One of the many things I learned while visiting Target this past weekend while in Kansas for a wedding is that the store has a Women's Body Wash aisle. Other things I learned included the discovery of ice cream cone-flavored Jet-Puffed Marshmallows (adorable); Cookie Dough Oreos (terrifying); and red velvet pancake mix (I’d eat it).
But I was totally baffled by this signage. In that aisle were, to my mind, anyway, many body washes AND bar soaps that didn’t have any kind of gender identity at all. (Unscented bar soap! What are you doing here?) So I did what any good modern #feminist does: I tweeted a photo of the sign @Target:
They had the decency to tweet me back, although it’s obviously a boilerplate response:
And because this is all happening on the Internet, I had to have the last word:
Who knows whether Target will do anything about their signage. I'll check back with them and let you know. And I suppose that there are many people out there thinking, “GIRL. IT’S SOAP. HAVE YOU HEARD ABOUT THE GENDER PAY GAP? THAT’S AN ACTUAL THING TO GET UPSET ABOUT.” And yeah, that’s legit problematic (it's still holding steady at 78%!). No argument there.
But my frustration isn’t about soap. Not really. It’s about the marketing of women. It's about creating unnecessary divisions. It’s about labeling things (body products, in this case, but cf. everything from girls' toys to greeting cards to sneakers) that are soft-focus, pastel, and flowery “women’s” things, while down a different aisle are bright colors, sleek designs, and non-foo-foo scents that somehow aren’t for us.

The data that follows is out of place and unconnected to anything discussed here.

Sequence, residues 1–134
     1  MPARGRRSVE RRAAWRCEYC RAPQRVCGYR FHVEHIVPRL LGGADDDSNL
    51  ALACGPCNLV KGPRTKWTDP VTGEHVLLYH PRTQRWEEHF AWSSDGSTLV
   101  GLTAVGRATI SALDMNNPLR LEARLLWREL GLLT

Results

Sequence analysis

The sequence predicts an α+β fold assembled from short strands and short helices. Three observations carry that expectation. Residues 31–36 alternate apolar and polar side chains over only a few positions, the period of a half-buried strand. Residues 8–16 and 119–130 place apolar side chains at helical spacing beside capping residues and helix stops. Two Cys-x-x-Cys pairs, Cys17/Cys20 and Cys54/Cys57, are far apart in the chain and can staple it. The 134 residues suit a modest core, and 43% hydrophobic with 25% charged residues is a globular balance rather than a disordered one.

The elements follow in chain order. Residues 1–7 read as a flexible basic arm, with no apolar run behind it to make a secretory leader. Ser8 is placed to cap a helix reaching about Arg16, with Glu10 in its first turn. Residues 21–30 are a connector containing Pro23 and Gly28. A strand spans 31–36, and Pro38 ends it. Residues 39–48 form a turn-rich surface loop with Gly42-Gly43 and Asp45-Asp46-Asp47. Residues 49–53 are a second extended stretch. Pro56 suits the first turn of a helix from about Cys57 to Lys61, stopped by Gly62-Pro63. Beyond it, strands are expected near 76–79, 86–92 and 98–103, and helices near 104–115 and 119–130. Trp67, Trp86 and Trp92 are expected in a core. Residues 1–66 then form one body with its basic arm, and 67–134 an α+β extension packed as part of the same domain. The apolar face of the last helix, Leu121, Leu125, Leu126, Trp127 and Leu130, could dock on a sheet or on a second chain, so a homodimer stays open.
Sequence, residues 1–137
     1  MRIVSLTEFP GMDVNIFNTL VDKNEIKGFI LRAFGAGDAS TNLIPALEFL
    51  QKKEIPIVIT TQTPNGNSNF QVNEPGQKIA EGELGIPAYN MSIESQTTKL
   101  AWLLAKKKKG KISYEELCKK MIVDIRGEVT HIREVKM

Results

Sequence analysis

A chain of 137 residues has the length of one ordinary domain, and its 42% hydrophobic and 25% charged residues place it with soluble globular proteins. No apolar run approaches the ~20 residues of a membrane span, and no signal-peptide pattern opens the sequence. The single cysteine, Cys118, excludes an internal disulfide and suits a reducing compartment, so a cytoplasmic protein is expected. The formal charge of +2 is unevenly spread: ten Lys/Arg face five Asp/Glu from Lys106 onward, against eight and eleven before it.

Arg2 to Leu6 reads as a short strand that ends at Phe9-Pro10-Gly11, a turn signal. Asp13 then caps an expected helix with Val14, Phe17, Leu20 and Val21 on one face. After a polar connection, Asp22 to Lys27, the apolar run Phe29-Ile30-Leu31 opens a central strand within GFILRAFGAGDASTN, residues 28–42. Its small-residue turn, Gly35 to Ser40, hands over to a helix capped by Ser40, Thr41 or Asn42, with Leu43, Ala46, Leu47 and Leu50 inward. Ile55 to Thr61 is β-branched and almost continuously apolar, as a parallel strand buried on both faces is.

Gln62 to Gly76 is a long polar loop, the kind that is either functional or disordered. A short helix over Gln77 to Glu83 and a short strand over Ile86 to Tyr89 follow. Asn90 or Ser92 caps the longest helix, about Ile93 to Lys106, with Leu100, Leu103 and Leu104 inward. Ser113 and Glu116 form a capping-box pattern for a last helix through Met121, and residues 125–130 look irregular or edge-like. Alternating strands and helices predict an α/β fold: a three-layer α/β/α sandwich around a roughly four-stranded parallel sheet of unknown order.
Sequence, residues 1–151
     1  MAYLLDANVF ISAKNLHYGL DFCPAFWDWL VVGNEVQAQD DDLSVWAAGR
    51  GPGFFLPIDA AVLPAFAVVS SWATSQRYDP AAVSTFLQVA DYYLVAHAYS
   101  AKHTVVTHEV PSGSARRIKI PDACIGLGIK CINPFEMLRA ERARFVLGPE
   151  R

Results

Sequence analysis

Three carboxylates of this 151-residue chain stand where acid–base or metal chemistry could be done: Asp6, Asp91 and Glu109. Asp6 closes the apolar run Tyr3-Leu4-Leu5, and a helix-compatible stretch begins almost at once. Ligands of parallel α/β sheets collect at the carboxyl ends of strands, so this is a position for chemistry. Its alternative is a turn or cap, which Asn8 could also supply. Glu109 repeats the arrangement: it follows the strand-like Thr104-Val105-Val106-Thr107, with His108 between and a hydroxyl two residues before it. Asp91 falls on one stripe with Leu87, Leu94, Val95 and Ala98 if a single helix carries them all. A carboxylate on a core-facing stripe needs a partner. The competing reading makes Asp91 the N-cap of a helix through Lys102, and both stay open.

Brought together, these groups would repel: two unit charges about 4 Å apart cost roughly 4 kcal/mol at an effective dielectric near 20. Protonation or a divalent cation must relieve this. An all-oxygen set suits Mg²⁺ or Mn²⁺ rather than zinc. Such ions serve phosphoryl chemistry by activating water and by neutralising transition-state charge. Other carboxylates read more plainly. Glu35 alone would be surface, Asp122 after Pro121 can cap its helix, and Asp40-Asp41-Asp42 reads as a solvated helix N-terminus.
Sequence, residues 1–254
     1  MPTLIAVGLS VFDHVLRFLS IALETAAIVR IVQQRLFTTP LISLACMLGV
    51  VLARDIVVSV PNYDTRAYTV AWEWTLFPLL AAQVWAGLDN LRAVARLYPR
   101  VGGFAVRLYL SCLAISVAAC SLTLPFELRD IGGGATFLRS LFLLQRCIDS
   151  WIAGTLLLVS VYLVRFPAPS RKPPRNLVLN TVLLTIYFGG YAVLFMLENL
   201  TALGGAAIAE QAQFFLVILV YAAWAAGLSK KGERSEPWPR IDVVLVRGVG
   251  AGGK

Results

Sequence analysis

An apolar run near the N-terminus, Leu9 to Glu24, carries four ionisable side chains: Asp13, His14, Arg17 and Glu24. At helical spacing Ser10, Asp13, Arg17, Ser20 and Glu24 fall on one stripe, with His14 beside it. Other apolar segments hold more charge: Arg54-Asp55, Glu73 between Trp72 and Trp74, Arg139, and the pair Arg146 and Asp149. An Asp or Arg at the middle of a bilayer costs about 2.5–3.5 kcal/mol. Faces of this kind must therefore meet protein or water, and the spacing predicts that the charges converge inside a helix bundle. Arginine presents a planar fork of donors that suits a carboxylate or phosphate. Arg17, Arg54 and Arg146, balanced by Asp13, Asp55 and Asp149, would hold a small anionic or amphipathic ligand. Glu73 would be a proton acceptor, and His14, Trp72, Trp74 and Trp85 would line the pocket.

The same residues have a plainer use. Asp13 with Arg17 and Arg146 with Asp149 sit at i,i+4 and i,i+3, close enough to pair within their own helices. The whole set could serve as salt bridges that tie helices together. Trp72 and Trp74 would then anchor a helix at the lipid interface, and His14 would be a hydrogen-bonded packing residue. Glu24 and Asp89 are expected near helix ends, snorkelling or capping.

And on top of it, body products marketed toward women are often priced higher than their male counterparts. For example, at Target, Gillette Mach3 Sensitive Skin Disposable Razors for men (package of 3) costs $6.99. Gillette Venus Tropical Disposable Razors for women (package of 3) costs $8.59.
And here's one from the Target soap department: Dove Men + Care Deep Clean Purifying Grains bar soap (4 bars, 4 ounces) costs $4.49. Dove Gentle Exfoliating Bar (4 bars, 4 ounces) costs $5.39. Each soap, I assume, does the same job. Does the inclusion of the word "exfoliating" drive up the price?
When I think about it like that, while standing in the Women’s Body Wash aisle of a global big-box retailer, that I realize, holy shit, we have so much more work to do. It's a little like the broken-windows theory: If we don't work on fixing these small instances of everyday sexism, how can we expect the big things to change?
So, tell me and be honest: Am I crazy for having strong feelings about Women's Body Wash? What are some examples of gendered nonsense that you've noticed in the beauty world?